5 Common Estate Planning Mistakes People Make

Post : December 24, 2022

Estate planning is an important process that helps individuals and families decide how to manage and distribute their assets during life and after death. However, it can be a complex area of law, and it is not uncommon for people to make mistakes that can have significant consequences. 

These mistakes can lead to tax bills, reduced benefits, invalid wills, and money going to unintended recipients. By being informed and proactive, it is possible to avoid these common estate planning mistakes and ensure that your wishes are carried out according to your desires. 

This guide will explore some of the most common mistakes people make regarding estate planning and how to avoid them.

What are the 5 common estate planning mistakes people make?

Failing to plan

When it comes to estate planning, one of the biggest mistakes one can possibly make is not taking the time to plan it well. The documents of a well-prepared estate planning help to maximise your estate value. Unintended mistakes can often prevent you from reaching your goals in estate planning. 

Your final affairs will be left to be managed by your close ones even if you have the documents of estate planning in place, but the most serious mistake of estate planning is not having a plan. 

A legally valid will provides your dear ones with proper guidance to handle your affairs. It will help to bring peace of mind to them at times of uncertainty, knowing that there is an estate plan in place.  

If you do not prioritise your estate plan, you risk the future of your estate and your loved ones. To avoid this mistake, take the time to sit down and get started on a proper estate plan. 

Does not have a will

This is the most common estate planning mistake a person could make. If you don't have a will, then it's time you make one as soon as possible. If you don't, your estate will be distributed according to the government's laws. 

If you do have a will, you should keep in mind to review it regularly. This common yet dreadful mistake can cause your hard-earned wealth and life savings to end up in the hands of the state government.

Outdated wills

Taking the first step to draft an initial estate plan is huge but failing to update your plan is one of the worst mistakes you can make.

Estate planning documents cannot be simply set and forgotten about if you made a will many years ago and haven't touched it since then. There is a high chance that your will is out of date. 

They should be reviewed every couple of years as your family and life change. 

Some of the key events for revising your will includes: 

  • Marital status - entering or leaving a marriage
  • Starting a family - birth of a child
  • Purchasing a new home or relocation if you move out of state
  • Starting a new business
  • Death of a beneficiary
  • Death of your child's guardian
  • Establishing companies or trusts
  • Gifts to charities and changes to adult beneficiaries' health or financial status. 

Update the will as often as required. The best practice is to have it updated every five to seven years.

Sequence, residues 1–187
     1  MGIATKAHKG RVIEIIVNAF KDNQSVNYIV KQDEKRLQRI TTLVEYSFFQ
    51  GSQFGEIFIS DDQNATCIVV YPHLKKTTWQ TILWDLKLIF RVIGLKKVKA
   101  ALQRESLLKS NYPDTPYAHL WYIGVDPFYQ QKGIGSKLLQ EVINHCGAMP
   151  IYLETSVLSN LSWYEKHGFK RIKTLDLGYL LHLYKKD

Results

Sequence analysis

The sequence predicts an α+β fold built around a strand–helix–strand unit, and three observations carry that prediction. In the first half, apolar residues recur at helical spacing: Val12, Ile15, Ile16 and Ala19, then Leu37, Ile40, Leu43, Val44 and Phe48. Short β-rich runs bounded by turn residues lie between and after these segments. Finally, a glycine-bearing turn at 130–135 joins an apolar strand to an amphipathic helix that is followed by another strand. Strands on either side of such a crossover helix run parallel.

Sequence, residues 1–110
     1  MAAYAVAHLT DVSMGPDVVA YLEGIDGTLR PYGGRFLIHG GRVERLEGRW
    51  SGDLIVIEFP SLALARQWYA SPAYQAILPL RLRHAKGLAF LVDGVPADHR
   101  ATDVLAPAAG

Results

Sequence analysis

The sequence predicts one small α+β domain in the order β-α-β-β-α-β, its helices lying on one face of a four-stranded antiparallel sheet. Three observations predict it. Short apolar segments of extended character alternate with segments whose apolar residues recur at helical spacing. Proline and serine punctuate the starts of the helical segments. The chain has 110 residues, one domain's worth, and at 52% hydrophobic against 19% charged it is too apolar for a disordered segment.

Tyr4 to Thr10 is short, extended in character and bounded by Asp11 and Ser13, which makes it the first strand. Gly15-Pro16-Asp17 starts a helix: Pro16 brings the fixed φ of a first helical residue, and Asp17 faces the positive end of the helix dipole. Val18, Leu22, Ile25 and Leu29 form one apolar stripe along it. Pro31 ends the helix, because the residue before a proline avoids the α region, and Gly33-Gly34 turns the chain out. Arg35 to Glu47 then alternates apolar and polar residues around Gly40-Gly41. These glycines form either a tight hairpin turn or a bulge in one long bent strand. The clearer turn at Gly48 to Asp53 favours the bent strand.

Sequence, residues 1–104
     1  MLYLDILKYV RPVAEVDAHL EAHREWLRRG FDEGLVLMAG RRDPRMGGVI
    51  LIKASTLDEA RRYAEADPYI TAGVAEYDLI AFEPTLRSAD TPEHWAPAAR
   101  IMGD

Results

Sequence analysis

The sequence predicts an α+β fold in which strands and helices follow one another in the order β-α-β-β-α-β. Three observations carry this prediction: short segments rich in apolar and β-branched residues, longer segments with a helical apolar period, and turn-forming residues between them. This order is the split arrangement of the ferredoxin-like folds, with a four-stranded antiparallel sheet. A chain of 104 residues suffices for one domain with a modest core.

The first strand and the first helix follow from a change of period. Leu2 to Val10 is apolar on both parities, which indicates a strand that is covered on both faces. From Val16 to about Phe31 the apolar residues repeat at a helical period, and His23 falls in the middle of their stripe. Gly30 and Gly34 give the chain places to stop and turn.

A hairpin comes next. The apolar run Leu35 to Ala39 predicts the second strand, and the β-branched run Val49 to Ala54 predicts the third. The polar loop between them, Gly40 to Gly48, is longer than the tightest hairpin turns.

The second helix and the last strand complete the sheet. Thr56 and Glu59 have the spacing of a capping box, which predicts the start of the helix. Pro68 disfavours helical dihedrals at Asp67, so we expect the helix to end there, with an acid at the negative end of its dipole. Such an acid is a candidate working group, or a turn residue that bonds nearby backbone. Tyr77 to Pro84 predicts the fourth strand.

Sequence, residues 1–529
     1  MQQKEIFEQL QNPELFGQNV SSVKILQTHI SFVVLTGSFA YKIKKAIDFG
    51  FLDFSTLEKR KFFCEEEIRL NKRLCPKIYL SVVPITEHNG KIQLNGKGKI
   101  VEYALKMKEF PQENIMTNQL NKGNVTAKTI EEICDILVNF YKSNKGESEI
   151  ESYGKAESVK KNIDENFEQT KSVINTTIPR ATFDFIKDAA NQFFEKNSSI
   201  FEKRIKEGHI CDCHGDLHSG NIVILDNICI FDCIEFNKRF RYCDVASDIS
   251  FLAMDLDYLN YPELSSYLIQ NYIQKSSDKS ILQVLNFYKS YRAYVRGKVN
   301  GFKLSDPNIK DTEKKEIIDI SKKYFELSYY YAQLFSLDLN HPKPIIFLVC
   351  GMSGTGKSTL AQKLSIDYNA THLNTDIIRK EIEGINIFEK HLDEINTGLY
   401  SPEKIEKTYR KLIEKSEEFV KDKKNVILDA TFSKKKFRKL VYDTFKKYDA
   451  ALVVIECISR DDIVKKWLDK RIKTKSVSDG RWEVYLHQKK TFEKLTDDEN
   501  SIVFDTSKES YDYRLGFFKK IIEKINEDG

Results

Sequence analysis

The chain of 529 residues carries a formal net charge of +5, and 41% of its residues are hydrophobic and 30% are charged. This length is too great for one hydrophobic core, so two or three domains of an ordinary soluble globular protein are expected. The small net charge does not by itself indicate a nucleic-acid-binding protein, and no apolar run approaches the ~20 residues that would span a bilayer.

You may need to update your estate plan periodically because the assets you own are worth more now than they were earlier, and you may also want to change beneficiaries. 

Not appointing an appropriate executor

Since it can be a major undertaking to administer an estate, you will want an honest and competent executor. 

Usually, the surviving spouse, who is the sole beneficiary, will be the obvious choice for an executor. What if the surviving spouse is unable to manage the complex process of a large estate with a lack of understanding of investments, finances and tax laws?

These are times when the spouse will not be the right executor and also at times when they disagree with the decisions you make regarding the bequests and beneficiaries. 

If you are concerned that they will not fulfil the terms of your will and not act responsibly as an executor, you can appoint an appropriate executor who can be trusted to fulfil their duties correctly.

It is also necessary to nominate an alternative executor in case your spouse dies before you. It can be one of your children or a relative. This does not necessarily have to be a beneficiary. 

Make sure to tell the person you nominate that they are an executor and also provide them with the necessary information regarding the location of the original will and contact details of your lawyer, financial planner and accountant. 

Choosing the wrong person to handle your estate can be a major mistake in estate planning. 

Not discussing with those involved

Another common mistake in estate planning is keeping your plan a secret. Many people are in the habit of not discussing their estate plans with the ones involved. 

Discussing with those involved and keeping everyone informed will reduce confusion and provide clear guidance on how you want your assets to be handled. 

It's a good idea to set aside some time to have a brief conversation about your estate plan with your family and friends, especially with those involved, such as the ones you have named as executor or trustee and the people you name in your will or trust. 

Avoiding this common mistake helps to ensure that there will be no disagreements and disputes between them after your passing. This is just like involving some experts on home loans before taking a home loan for your next house. 


This guide will help you avoid the most common estate planning mistakes and secure your legacy. 

Avoid these mistakes and set up your estate plan the right way, drafted according to your specific needs. Make sure to seek expert advice when necessary. 

The benefit of consulting a professional and seeking advice is that they will guide you through creating the perfect plan that addresses all of your needs and avoid mistakes in estate planning. 


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